Breeding high nutritional varieties of chickpea and pigeon pea just got easier. Genomic processes which used to take years are being completed in just a few months with the help of new technology.
This was found by scientists from the International Crops Research Institute for the Semi-Arid Tropics (ICRISAT) here, in collaboration with NRGene, Israel who helped create multiple assembly lines of pigeon pea and chickpea genomes. This means scientists can not only understand crop traits, they can also significantly speed up work on improved varieties.
With this technology from NRGene, ICRISAT has chickpea and pigeon pea genomes to a reference level quality that researchers can use. This would help maximise favorable nutritional properties of these high-protein legumes.
“The developing world has long faced the pressures of food security with limited farmland,” says Dr Rajeev K Varshney, Research Program director, Genetic Gains and director of Center of Excellence in Genomics & Systems Biology, ICRISAT.
“For effective use of genomics-assisted breeding, we need reference genomes of several varieties of a given crop. Therefore, new assemblies of chickpea and pigeon pea lines by NRGene and ICRISAT will allow our scientists and partners to better understand plant traits to breed more nutritional varieties.” ICRISAT in partnership with other institutions, has already decoded and documented genomes of pigeon pea and chickpea (Nature Biotechnology 2013, Nature Biotechnology 2012)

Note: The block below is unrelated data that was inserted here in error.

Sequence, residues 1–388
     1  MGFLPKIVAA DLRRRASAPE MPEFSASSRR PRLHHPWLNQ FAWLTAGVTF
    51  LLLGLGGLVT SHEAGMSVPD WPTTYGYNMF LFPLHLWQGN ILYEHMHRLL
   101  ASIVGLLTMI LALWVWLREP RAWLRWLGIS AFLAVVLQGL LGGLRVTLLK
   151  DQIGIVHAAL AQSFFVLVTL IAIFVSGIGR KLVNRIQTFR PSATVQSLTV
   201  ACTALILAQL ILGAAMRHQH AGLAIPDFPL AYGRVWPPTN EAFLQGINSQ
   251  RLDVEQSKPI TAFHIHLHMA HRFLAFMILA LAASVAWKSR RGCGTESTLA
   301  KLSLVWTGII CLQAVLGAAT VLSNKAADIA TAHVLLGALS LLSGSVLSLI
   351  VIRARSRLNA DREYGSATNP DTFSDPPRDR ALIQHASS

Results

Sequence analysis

Traditional methods would have required years to complete each individual assembly. NRGene’s DeNovoMAGIC 3.0 delivered multiple assemblies in a matter of months. “While DeNovoMAGIC has been successfully deployed by the world’s leading seed companies and academic institutions, implementing this for organisations like ICRISAT enhances our mission of making an impact on the world food supply,” says Dr. Gil Ronen, CEO of NRGene.
“Chickpea, pigeon pea, and other protein-rich legumes will be even more critical crops in the future and we are glad that our technology can be used to improve the nutritional status of the world.”
Chickpea and pigeon pea have 15-22 grams of protein per 100 grams and are a critical food and nutrition source in India, Africa, and the Caribbean. India produces 64% of the world’s total chickpeas and 63% of the world’s pigeon pea. However, protein hunger, an important aspect of malnutrition continues to be a major concern in Asia.
The drylands, covering 55 countries in Asia and sub-Saharan Africa inhabited by 2 billion people, 644 million of whom are poor, is most vulnerable to climate change with very little rainfall, degraded soils and poor social infrastructure. ICRISAT through scientific research aims to find solutions for the nutrition security of people in these regions.
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